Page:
Cities are our destiny. Visions of a non- or de-urbanizing world, while interesting and important intellectual creations of the 20th century, arIn a world where the number of young people has become the largest in history relative to the adult population, the need to take urgent and ever more innovative approaches to the problems facing them is greater than ever.e no longer credible.
Crime does not happen spontaneously. It grows out of an unequal and exclusive society, and outof a lack of institutional and social control. Moreover, the criminal justice system, including police, courts and sons, is poorly adapted to the rapidly changing urban environment, and is unable to respond to the oncerns and needs of urban dwellers, particularly the poor.
As part of a crime survey conducted in Nairobi from April to July 2001, which indicated that youth delinquency is considered as a problem by the residents of Nairobi, a youth offender profile was carried out. The study aimed at identifying the family and social-economic backgrounds of young offenders, their personal characteristics, their experiences in crime, their reasons and motivations for being involved in crimes, their experiences with police and the justice system, their opinions and hopes for the future.
One of the most significant causes of fear and insecurity in many cities today is crime and violence. Between 1990 and 2000, incidents of violent crime per 100,000 persons increased from 6 to 8.8. Recent studies show that over the past five years, 60 per cent of all urban residents in the world have been victims of crime, with 70 per cent in Latin America and the Caribbean. Clearly, crime, whether violent or not, is a growing and serious threat to urban safety all over the world.
It is projected that by 2030, two-thirds of humanity will be living in towns and cities around the world. Another feature of the new urban age is that the global number of slum dwellers is now set to top the 1 billion mark. At this turning point in history, UN-HABITAT surveys show crime and fear of crime to be perhaps the most influential factors in our daily lives dictating where we choose to live, how to behave, where to go, and where to work.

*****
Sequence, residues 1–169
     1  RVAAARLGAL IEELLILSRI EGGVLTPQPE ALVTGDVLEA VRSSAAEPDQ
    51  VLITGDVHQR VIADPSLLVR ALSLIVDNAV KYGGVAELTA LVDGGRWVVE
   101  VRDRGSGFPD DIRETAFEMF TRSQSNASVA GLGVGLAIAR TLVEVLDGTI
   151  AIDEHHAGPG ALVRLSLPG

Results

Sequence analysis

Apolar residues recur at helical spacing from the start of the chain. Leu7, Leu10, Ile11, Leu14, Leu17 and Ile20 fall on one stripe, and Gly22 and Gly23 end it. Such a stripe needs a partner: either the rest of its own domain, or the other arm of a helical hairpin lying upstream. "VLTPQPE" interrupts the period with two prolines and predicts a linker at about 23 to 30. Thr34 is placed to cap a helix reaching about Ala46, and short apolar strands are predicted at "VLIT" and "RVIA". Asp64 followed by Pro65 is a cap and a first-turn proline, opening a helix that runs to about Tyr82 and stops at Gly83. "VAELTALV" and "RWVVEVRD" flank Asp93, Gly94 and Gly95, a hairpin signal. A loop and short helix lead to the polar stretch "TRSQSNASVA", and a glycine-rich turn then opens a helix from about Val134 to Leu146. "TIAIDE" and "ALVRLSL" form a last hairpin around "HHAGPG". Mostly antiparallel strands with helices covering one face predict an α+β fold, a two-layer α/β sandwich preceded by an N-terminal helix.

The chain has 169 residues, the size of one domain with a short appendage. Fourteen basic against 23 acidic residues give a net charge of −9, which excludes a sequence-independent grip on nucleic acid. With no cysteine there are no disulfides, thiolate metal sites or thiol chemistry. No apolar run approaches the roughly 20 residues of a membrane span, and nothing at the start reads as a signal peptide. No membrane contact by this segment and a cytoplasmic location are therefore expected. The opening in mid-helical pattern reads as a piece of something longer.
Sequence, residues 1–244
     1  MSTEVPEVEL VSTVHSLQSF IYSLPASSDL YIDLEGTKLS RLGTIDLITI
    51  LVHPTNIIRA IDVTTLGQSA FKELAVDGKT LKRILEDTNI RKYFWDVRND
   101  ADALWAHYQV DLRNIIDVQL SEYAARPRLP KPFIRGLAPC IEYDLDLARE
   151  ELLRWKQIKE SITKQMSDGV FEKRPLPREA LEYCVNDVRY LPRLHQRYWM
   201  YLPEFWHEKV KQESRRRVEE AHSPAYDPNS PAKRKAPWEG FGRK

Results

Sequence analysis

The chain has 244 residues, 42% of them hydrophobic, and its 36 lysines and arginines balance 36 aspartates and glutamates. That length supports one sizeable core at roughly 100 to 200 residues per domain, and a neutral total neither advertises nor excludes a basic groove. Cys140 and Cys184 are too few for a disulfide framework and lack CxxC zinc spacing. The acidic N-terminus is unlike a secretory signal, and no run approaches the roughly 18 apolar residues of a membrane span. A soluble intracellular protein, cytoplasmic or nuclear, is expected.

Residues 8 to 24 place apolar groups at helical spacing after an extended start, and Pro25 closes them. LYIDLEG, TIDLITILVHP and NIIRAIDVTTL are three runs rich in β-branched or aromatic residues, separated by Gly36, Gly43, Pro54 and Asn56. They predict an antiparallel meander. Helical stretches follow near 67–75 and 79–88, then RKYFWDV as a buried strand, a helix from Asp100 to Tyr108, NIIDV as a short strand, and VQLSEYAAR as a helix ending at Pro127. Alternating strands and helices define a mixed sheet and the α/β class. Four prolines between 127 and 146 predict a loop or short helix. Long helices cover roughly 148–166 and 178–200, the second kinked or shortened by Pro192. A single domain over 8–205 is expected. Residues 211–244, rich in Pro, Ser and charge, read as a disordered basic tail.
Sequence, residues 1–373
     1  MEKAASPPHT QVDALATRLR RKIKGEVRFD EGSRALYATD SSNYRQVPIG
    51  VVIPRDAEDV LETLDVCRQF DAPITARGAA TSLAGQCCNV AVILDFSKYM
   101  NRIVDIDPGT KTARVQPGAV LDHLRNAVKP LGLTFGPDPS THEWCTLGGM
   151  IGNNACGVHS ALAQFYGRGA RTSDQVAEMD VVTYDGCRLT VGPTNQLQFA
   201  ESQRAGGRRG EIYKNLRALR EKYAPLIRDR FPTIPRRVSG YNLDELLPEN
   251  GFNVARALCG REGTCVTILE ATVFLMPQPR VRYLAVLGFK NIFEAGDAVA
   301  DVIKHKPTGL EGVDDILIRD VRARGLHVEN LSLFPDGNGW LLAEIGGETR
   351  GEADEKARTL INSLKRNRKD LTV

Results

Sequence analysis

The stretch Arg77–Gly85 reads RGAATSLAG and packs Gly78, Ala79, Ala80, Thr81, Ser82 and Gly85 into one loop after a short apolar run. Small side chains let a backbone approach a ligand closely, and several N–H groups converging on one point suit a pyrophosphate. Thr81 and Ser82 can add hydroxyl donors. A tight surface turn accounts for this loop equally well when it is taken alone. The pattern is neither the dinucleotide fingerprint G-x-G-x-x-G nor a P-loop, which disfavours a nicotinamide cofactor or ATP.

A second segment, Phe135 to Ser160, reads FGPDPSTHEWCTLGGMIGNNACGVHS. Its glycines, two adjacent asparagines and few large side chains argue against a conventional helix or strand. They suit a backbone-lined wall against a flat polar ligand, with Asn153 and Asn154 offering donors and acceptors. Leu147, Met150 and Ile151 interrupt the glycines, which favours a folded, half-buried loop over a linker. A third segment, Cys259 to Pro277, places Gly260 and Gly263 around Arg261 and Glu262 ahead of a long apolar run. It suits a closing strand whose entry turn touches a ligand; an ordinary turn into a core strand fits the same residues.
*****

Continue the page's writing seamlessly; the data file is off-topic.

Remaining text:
The challenges facing cities with regards to the impacts of growing violence and insecurity are numerous and daunting. The need to address crime prevention in cities is apparent.
This brochure highlights the Safer Cities approach run by UN-HABITAT's Safer Cities Programme. In it, a brief background and objective of the programme is provided. An overview of the various approaches the programme takes and success stories are also highlighted.
‘I’m a City Changer’ is the awareness-raising initiative of World Urban Campaign. It is about:
• Positive urban development
• Solutions to urban challenges
• Giving voice to cities and people to change our urban future.
The Global Network on Safer Cities is part of the World Urban Campaign. The Network’s role is toadvocate for urban safety and local crime and violence prevention all over the world, as a hub for sharing andlearning on initiatives, actions, and policies driving positive change.
Esta Guía ha sido realizada en colaboración entre la Agencia de Naciones Unidas HABITAT y la Universidad Jesuita Alberto Hurtado (UAH) de Chile. Quiere ser una herramienta para todas las personas u organizaciones que implementan o deseen implementar, complementar o ajustar políticas y programas relacionados con la prevención de la delincuencia y la violencia en los países y ciudades de Latinoamérica, región fuertemente golpeada y sensible a este tema.
In many cities women and girls face violence not only in their homes and in relationships, but also in public spaces due to poor urban design and poor management of public spaces. Whether it is due to threats, intimidation, harassment, sexual attacks or rape, all aggression seriously inhibits women from moving around the city because they feel unsafe. Women and girls are often targets of violence due to their vulnerability, and this vulnerability perpetuates their position in society.